When it comes to the big tech question of “Fitbit Versa vs Ionic: Which should you buy?”, I find myself in a uniquely strong position: I’m possibly the only person in the world who’s spent the past three days with both strapped to my wrist, having been invited to the European press launch (you can read my first-look review of the Versa on Coach mag). So which should you buy?
Fitbit Versa vs Ionic: what’s different?
There are two key differences: size and GPS. The Ionic is a chunk bigger than the Fitbit Versa but includes a GPS chip. If you want to accurately track the distances you run, cycle or indeed swim, the Versa will only work if you’re also carrying your phone.
This isn’t to say you won’t get any indication: I did a two-mile interval run with the Versa, with quite a few warm-up and stretching exercises at the start, and it guessed that the run was 2.6 miles.
The Ionic’s screen is also a fraction larger – 1.42in across the diagonal – and with a rectangular 348 x 250 resolution. The Versa’s 1.34in screen is 300 x 300.
Fitbit Versa vs Ionic: what’s the same?
Quite a lot. While their touchscreens are different sizes, they’re both full-colour, vivid and extremely easy to read in sunny conditions. Naturally, they’re not on all the time: you either activate the display by flipping your wrist (as you tend to do when glancing at the time) or by touching a Home button on the left. (They also share two physical buttons on the right of the bezel.)
They both include the same wireless technology inside as well: Bluetooth 4, 802.11b/g/n wireless and NFC. The latter is for Fitbit Pay, which Fitbit would love to be a rival to Apple Pay – sadly, in the UK at least, there are only two credit cards (one for Danse Bank, the other Starling Bank) that work with it right now.
Naturally, they both also include an optical heart rate monitor. The design is a little different, but in my tests they were both similarly accurate.
Fitbit Versa vs Ionic: battery life
One of the advantages of having no GPS chip is that you avoid the battery drain. This means Fitbit can get away with a smaller battery inside the Versa yet still promise 4+ days of battery life (on average, I found it depleted by around 20% per day).
The Ionic promises five days of battery life, but if you switch on GPS that drops to ten hours. They both take around two hours to recharge from 0 to 100%, but the Versa has a neat charging stand while the Ionic uses a cable. Sadly, both are proprietary chargers.
Fitbit Versa vs Ionic: customisation
One of the Ionic’s best features was its heavy amount of customisation. You could buy a range of straps, which were incredibly easy to remove and reattach, and thanks to around 100 different watch faces to choose from it really could mix and match with outfits.
The Versa carries on this trend, and – like the Ionic – comes in a choice of three colours. Where the Ionic came in a slightly dubious “burnt gold”, though, Fitbit has opted for the more demure rose gold to accompany ubiquitous black and conservative slate grey.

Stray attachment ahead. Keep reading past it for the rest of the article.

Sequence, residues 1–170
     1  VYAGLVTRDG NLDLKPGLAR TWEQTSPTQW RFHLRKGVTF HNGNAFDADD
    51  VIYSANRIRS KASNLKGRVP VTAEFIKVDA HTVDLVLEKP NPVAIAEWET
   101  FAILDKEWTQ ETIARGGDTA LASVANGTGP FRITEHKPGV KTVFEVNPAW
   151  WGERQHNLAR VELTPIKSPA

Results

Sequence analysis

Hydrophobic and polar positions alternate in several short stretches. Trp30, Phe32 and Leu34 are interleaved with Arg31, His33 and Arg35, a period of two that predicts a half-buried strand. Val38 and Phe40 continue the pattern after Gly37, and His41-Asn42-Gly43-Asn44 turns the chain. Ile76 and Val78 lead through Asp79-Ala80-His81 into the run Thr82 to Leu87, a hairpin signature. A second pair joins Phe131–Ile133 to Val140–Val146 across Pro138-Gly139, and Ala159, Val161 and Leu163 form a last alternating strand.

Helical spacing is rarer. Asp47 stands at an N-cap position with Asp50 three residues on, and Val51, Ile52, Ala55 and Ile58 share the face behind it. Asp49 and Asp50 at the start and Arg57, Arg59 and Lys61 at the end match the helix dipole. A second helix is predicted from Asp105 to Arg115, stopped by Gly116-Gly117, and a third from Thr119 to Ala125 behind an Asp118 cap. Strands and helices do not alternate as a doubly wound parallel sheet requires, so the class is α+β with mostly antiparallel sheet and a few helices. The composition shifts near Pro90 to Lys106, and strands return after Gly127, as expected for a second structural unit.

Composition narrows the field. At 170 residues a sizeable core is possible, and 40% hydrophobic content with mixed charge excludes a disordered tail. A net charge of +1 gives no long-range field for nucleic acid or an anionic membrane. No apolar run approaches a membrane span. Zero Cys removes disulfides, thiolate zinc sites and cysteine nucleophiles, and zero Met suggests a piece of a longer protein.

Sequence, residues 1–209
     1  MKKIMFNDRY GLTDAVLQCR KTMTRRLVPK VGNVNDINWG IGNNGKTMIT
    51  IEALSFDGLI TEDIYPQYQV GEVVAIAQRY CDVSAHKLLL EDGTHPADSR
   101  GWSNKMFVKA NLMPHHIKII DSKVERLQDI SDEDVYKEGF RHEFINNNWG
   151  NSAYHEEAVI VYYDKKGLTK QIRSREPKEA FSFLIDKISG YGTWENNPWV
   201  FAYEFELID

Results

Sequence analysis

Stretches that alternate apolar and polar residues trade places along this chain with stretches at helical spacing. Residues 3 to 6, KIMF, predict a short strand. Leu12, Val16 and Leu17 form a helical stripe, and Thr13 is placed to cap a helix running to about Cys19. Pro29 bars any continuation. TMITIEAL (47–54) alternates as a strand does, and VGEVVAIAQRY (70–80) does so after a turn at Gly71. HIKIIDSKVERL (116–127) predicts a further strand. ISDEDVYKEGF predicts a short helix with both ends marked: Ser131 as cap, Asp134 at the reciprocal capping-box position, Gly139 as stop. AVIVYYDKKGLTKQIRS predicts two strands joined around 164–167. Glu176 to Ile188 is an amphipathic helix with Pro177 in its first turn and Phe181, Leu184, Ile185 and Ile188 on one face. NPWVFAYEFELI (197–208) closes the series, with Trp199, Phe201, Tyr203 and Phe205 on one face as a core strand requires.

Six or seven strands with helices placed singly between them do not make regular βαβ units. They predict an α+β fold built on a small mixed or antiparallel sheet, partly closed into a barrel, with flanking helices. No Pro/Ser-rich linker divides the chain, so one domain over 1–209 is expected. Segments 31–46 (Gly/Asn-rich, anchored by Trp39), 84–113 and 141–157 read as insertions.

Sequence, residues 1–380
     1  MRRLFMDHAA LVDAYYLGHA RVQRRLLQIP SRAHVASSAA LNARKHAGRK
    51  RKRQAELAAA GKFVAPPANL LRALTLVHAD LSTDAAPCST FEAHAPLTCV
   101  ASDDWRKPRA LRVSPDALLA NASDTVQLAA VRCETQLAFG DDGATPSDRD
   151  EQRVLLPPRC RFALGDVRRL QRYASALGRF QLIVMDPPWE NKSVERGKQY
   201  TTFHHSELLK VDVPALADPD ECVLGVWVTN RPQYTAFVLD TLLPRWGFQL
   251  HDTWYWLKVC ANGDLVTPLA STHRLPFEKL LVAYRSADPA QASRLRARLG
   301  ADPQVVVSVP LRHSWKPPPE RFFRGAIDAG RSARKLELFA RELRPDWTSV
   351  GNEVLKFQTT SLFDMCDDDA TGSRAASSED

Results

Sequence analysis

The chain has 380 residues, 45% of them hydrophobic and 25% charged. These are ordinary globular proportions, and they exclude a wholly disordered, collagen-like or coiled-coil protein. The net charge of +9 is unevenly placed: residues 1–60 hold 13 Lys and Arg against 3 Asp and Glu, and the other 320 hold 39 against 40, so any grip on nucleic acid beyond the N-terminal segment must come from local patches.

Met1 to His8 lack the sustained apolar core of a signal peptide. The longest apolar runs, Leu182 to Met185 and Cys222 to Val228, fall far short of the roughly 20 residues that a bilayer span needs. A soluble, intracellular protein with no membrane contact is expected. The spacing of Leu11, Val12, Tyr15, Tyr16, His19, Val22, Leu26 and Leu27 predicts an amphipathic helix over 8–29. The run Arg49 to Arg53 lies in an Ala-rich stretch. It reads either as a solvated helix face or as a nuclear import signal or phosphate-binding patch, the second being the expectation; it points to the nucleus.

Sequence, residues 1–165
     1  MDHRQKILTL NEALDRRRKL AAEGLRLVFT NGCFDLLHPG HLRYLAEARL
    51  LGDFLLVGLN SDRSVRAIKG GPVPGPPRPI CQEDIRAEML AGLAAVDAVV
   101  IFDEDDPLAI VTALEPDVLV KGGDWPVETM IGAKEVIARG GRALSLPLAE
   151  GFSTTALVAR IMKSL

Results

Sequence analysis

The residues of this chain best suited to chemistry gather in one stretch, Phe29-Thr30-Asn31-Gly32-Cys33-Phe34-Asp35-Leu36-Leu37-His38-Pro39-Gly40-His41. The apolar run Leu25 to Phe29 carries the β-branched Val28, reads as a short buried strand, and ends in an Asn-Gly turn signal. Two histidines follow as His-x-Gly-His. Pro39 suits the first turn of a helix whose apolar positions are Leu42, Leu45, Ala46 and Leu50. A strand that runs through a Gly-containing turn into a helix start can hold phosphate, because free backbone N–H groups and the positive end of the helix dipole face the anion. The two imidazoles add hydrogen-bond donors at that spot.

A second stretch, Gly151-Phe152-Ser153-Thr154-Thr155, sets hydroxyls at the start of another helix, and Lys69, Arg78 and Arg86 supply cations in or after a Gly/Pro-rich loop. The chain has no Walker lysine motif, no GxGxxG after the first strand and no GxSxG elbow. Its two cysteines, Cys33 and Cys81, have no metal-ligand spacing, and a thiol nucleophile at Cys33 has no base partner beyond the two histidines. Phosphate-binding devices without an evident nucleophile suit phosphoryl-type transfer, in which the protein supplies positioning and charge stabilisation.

It has also changed the way the strap attaches. You now have to slide a pin to detach the strap, which is more fiddly than the Ionic where you depressed a catch and were done.
Even though the Versa hasn’t officially been released, though, it has more bands to choose from than the Ionic. There’s no doubt Fitbit sees the Versa as more of a fashion accessory than the Ionic.
Fitbit Versa vs Ionic: music and apps
If you want to go for a run and listen to music – but you don’t want to carry your phone with you – then there’s good news for both watches. They can each store around 300 songs, and if you’re willing to subscribe to Deezer (a rival to Spotify) then you can also synchronise playlists.
Both watches also offer access to app stores, but in common with pretty much every smartwatch app store – aside from Apple’s – there’s not much there to thrill right now. The only third-party inclusions of true note are Strava, Flipboard, the New York Times and Philips Hue.
While more third-party apps are on the way – including one for British Airways – you’re more likely to be hooked by Fitbit’s own apps, with the best arguably being Think Fast (a brain-training style game). A Tamagotchi variant is promised in the future…
Fitbit Versa vs Ionic: buying decision
I’ve only used the Versa for three days but have already grown fond of it. I genuinely think it will break through into the mainstream in the way that most smartwatches can only dream of.
Part of that is due to the price. £200 is hardly impulse buy territory, but it’s significantly lower than the £329 Apple Watch Series 3. While you can buy other smartwatches (such as the Huawei Watch and Samsung Gear) for a similar price, they’re considerably bulkier.
I also think most people will find the Fitbit operating system easier to use than its non-Apple rivals. You’ll soon find yourself zipping through using a combination of touch and the side-mounted buttons.
The Ionic – which currently costs £239 on Amazon – is more of a fitness watch, and other than the access to the Fitbit community – both the global one you can join in the app, and existing friends/family who you can challenge in weekly step count battles – it doesn’t offer anything compelling over rival watches from the likes of Garmin.
Still undecided? Plump for the Versa. Even if you decide that it isn’t quite right for you, you’re far more likely to find someone else among your friends and family who would love it.
There are lots of new features with less weight design, four days lasting battery life and other personalization options included in the latest fitbit versa which makes it desirable option in the segment.So it will be agood option than ionic.